Illegal Downloading. Free Music. File Sharing. Whatever you call it– the debate rages.

Emily White, an intern at NPR’s All Songs Considered who’s only purchased 15 albums in her life– despite the fact that she has 11,000 songs in her iTunes library, recently wrote a blog post called “I Never Owned Any Music to Begin With” where she probably speaks for many Millennials:

As I’ve grown up, I’ve come to realize the gravity of what file-sharing means to the musicians I love. I can’t support them with concert tickets and t-shirts alone. But I honestly don’t think my peers and I will ever pay for albums. I do think we will pay for convenience.

David Lowery (of Cracker and Camper Van Beethoven) responds in his “Letter to Emily White at NPR All Songs Considered“:

I’m sorry, but what is inconvenient about iTunes and, say, iTunes match (that let’s you stream all your music to all your devices) aside from having to pay? Same with Pandora premium, MOG and a host of other legitimate services. I can’t imagine any other legal music service that is gonna be simpler than these to use. Isn’t convenience already here!?

Emily’s piece offers a glimpse into the mindset of a younger music fan who is wrestling with the implications of the free-music trend. David’s response is thorough and passionate.

Should we be thankful or angry that fans are obtaining our music for free?

I put my first album out during the heyday of CD sales. I put my second album out the same year iTunes launched. I’ve put out 4 albums since, and I slowly witnessed what was, to me, a strange phenomenon: as the music improved (at least to my ears), sales declined– and not just physical sales.

Maybe I didn’t do as much to promote each subsequent release. Or maybe the buzz was diminishing. Or maybe, just maybe– I’m simply another musician who’s been affected by the free-music trend. (Or all 3!)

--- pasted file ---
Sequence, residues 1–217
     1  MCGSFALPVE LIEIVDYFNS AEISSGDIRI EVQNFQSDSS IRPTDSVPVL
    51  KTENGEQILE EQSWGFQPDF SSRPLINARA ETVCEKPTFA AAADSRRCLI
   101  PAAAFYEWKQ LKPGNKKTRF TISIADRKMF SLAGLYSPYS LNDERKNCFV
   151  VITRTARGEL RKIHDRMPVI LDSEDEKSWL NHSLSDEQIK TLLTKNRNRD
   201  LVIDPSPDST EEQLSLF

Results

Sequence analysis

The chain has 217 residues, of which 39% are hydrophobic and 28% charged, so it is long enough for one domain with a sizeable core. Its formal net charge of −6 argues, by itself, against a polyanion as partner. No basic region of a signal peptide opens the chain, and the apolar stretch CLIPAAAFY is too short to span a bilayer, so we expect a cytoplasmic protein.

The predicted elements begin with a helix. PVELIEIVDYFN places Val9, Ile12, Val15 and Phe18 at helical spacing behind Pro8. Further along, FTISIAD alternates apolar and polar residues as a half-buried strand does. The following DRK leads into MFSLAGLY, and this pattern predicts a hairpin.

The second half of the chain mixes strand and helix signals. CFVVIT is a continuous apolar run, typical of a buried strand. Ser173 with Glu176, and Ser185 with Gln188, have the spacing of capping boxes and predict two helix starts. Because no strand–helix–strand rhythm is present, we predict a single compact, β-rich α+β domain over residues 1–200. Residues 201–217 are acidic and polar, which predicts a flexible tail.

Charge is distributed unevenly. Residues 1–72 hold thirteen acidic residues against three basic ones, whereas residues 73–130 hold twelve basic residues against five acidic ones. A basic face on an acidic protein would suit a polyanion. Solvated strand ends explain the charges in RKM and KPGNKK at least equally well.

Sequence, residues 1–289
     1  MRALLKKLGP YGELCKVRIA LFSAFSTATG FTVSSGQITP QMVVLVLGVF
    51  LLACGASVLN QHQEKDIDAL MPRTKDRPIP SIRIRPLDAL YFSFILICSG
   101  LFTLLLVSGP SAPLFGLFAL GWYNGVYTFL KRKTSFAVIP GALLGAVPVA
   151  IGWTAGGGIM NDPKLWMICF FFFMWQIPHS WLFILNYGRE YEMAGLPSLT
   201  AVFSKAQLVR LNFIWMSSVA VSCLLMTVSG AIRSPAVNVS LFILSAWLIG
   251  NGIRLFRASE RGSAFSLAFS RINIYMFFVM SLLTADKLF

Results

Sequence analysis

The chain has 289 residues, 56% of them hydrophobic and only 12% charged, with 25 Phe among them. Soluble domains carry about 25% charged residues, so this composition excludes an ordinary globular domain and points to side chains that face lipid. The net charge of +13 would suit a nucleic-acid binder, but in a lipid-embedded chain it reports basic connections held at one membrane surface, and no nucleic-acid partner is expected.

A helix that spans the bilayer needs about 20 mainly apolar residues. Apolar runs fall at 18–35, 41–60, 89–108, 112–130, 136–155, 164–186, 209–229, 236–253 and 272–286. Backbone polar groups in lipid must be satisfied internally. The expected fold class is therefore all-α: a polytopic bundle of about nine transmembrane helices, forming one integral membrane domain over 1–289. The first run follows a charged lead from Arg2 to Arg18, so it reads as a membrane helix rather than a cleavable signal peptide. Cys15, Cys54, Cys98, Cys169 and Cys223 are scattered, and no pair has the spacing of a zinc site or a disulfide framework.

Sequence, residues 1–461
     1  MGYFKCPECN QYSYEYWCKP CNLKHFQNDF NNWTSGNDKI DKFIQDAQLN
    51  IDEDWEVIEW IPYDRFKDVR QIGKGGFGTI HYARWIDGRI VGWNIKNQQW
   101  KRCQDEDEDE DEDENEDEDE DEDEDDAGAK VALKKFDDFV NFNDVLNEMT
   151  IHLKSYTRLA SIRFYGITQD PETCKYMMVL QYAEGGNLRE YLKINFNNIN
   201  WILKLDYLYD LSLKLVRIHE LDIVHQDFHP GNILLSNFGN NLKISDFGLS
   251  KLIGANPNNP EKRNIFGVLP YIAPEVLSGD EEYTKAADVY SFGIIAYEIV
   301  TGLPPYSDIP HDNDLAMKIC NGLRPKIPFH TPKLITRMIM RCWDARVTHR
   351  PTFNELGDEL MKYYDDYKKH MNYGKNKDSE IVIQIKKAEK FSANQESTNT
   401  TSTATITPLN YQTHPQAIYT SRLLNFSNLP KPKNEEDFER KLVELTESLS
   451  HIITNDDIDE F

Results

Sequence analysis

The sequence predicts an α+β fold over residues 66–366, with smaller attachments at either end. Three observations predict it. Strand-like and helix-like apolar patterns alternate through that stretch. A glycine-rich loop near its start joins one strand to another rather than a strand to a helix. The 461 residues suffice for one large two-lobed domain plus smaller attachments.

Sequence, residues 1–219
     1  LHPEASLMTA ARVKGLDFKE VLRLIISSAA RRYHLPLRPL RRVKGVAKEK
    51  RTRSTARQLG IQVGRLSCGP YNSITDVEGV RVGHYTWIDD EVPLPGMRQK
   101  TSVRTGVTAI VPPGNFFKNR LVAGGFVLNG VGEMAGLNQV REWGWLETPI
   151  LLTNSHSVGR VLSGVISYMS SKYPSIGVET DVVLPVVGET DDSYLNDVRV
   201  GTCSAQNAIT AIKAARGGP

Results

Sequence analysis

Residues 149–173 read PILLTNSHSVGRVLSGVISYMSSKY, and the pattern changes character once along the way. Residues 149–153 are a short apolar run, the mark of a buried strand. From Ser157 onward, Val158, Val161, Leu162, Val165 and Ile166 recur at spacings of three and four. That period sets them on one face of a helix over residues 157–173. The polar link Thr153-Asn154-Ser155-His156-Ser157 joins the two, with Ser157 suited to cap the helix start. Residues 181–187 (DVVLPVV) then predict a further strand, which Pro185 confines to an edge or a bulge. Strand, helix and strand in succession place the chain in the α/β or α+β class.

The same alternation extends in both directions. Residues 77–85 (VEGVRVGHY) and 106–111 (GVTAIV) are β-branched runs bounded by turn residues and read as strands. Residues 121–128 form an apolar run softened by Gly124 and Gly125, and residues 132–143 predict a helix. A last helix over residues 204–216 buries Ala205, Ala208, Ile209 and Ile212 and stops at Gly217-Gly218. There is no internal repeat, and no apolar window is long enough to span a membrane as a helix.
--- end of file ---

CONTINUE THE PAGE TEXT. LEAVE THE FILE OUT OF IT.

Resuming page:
More people than I could’ve ever imagined 10 years ago have come up to me and said, “I love the new album”– and then went on to admit they burned it from a friend or downloaded it from some torrent site. Yes, I’m flattered. Yes, I want you to have my music. Yes, I would rather you have my music than NOT have it– even if it means you don’t pay me. But, lest I mince words– I also want you to PAY me.

And for every big-named boo-hooer (Metallica!), there are countless artists like me who are losing hundreds or thousands of dollars per release. That’s not enough to buy a tropical island, but it certainly could mean the difference between making your next record or not, supporting your next tour or not, making more T-Shirts… or not.

For a sad number of talented musicians, “or not” has become the common answer.

How do you feel about the free-music trend?

Let us know– are your fans paying for your music? If so, how do you encourage them to do so? If not, why not? How do you feel about the cultural and technological changes around the distribution and consumption of music? Feel free to comment in the section below.

Support independent artists by buying their music at shows, in stores, and on CD Baby.

[Robber image from Shutterstock.]

P.S. Here’s a couple interesting follow-ups to this discussion:

Steal This Album: What Happens If No One Pays for Music

Hey Dude from Cracker, I’m Sorry– I Stole Music Like These Damned Kids When I Was a Kid

Is Stealing Music Really the Problem?

DIY Musician